Eschewing any sense of balanced reporting, Ratigan thundered: "I said I'm in charge of the show. I decide who I'll talk to. I might spend the entire time talking to Jonathan Capehart and not talk to you at all. And then you can choose never to come on my show again."
"I'm sorry, Jonathan was taking up a lot of my time earlier in the segment," explained Freire. "Look at the amount of time he's been talking and the amount of time I was talking."
Not content with simply wishing her a happy birthday, Ratigan went on to declare: “Arianna Huffington, who represents such a voice of truth and the highest aspiration for any individual that hopes to improve themselves each and every day, as they go through their days, to be better, not only for themselves, but to those around them.” He concluded: “I believe she is a role model for all of us in that regard and couldn’t be happier for her.”
In reality, the Huffington Post has been far from a “voice of truth,” let alone representing anyone’s “highest aspiration.” As a 2007 Media Research Center report, Huffington’s House of Horrors, detailed, “the HuffPost’s content reveals that flame-throwing, name-calling, and hate speech against conservatives are all on the Web site’s everyday menu.”
Given Ratigan’s own incendiary nature, displayed regularly on his show, perhaps Huffington truly is his “role model.”
Ratigan then wondered: "...for a movement, however, that prides itself on having no formal ties to the federal government, forget the aspect of being full of crap when it comes to the banking system, why are the Republican Party members and tea party members so receptive to getting together?" He posed that question to his guests, left-wing talk show host Cenk Uygur and former Bill Clinton speechwriter Michael Waldman.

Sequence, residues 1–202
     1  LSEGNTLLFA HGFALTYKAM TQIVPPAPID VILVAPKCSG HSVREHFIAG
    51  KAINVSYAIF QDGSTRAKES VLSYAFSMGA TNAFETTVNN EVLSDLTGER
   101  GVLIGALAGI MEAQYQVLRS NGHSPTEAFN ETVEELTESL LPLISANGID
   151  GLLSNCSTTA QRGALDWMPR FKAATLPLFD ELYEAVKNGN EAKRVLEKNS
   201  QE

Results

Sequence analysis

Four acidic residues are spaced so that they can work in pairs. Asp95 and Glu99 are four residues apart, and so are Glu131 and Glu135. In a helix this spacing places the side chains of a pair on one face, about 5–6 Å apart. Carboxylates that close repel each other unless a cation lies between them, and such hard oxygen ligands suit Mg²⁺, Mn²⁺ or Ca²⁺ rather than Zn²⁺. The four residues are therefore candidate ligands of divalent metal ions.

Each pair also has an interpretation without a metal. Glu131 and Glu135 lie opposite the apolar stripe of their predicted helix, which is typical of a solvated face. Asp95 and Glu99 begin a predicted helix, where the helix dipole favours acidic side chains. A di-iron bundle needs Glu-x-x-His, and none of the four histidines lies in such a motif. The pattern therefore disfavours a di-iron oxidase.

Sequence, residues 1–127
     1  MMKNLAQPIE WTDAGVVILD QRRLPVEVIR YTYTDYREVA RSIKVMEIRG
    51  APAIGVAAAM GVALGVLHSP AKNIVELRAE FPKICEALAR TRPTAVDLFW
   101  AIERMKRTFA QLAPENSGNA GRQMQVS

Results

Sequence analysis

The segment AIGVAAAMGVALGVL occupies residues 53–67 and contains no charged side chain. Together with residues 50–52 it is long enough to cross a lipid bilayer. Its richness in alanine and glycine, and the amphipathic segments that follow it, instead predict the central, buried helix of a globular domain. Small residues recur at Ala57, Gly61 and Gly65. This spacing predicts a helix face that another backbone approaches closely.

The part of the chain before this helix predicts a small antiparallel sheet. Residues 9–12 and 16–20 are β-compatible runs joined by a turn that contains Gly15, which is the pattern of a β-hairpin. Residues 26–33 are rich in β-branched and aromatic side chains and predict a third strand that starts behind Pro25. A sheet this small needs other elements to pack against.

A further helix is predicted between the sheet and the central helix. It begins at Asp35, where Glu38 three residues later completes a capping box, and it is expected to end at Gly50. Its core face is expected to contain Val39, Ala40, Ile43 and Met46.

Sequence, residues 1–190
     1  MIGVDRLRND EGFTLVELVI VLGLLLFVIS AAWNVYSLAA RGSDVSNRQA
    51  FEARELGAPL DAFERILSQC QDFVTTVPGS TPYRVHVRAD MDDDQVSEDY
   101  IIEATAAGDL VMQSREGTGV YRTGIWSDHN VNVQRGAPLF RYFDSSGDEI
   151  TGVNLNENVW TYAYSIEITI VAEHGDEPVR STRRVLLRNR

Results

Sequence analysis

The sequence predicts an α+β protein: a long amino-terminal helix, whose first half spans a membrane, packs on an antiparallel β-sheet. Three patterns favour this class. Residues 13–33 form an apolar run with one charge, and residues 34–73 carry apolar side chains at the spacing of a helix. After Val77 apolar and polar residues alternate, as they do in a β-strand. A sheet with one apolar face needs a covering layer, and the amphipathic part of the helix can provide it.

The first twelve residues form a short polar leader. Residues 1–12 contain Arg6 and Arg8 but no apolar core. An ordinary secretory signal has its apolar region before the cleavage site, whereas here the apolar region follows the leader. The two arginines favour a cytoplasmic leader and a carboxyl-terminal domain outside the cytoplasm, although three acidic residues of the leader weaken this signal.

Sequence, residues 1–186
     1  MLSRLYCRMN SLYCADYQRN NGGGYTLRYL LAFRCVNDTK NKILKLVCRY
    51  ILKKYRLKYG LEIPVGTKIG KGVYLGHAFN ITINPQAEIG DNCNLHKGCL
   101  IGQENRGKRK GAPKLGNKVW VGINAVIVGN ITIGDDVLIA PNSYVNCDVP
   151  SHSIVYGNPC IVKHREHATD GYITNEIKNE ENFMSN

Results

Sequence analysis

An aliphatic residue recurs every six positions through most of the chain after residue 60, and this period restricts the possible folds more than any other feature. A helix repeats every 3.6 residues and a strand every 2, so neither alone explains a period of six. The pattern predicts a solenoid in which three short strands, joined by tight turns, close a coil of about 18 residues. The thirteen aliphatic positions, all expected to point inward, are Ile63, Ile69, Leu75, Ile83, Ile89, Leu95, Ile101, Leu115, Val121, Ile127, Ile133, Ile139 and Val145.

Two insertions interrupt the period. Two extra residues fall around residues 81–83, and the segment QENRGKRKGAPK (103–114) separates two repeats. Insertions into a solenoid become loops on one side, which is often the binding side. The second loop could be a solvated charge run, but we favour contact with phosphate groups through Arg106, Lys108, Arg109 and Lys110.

Uygur couldn't agree more with Ratigan's assessment: "You took the words right out of my mouth. She [Bachmann] is so full of crap. I mean, she might be the queen of crap." He then proclaimed: "All she's ever done is protected the bankers....I guess the tea party movement, in essence, is actually about protecting the richest people in America. Wow, what a populist movement you have there."
Waldman took the conversation even lower, as he argued: "The Republicans would like to benefit from the...neurotic energy of the tea party. But they don't really want them in the front parlor. They don't want everybody to identify their extremism with the Republican Party, just the way the Democrats didn't want the Weathermen determining the face...At the front of the house." The Weathermen, or Weather Underground, was a anti-war domestic terrorist organization during the Vietnam war era. Barack Obama associate Bill Ayers was a member.
The Dallas Tea Party on Thursday accused MSNBC hosts Keith Olbermann, Chris Matthews, Ed Schultz, and Dylan Ratigan of racism.
Since January 20, 2009, all four of these men have criticized Barack Obama for one reason or another.
As MSNBC has been one of the strongest proponents of the despicable concept that anyone critical of this president must be a racist, DTP's founder Phillip Dennis believes the same should be true for that network's employees.
With this in mind, the DTP has created a marvelous video illustrating the point (video follows with commentary):
Leave it to Dylan Ratigan, one of the star personalities at MSNBC who seems to be constantly looking for a reason to be angry.